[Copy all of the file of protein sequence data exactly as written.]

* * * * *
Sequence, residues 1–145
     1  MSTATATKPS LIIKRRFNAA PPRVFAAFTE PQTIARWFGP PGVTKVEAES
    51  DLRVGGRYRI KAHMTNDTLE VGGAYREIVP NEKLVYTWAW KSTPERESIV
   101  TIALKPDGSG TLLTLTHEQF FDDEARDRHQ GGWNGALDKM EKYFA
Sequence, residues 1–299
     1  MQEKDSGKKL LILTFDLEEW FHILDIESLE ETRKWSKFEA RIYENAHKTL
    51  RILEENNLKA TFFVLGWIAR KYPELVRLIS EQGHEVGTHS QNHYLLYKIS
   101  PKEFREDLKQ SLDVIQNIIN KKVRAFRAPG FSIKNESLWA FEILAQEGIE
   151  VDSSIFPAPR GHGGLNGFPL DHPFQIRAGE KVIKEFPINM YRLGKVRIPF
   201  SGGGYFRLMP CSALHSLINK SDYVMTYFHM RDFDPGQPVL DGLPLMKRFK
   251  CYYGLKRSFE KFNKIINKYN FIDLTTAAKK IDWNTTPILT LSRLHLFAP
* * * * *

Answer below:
Sequence, residues 1–145
     1  MSTATATKPS LIIKRRFNAA PPRVFAAFTE PQTIARWFGP PGVTKVEAES
    51  DLRVGGRYRI KAHMTNDTLE VGGAYREIVP NEKLVYTWAW KSTPERESIV
   101  TIALKPDGSG TLLTLTHEQF FDDEARDRHQ GGWNGALDKM EKYFA
Sequence, residues 1–299
     1  MQEKDSGKKL LILTFDLEEW FHILDIESLE ETRKWSKFEA RIYENAHKTL
    51  RILEENNLKA TFFVLGWIAR KYPELVRLIS EQGHEVGTHS QNHYLLYKIS
   101  PKEFREDLKQ SLDVIQNIIN KKVRAFRAPG FSIKNESLWA FEILAQEGIE
   151  VDSSIFPAPR GHGGLNGFPL DHPFQIRAGE KVIKEFPINM YRLGKVRIPF
   201  SGGGYFRLMP CSALHSLINK SDYVMTYFHM RDFDPGQPVL DGLPLMKRFK
   251  CYYGLKRSFE KFNKIINKYN FIDLTTAAKK IDWNTTPILT LSRLHLFAP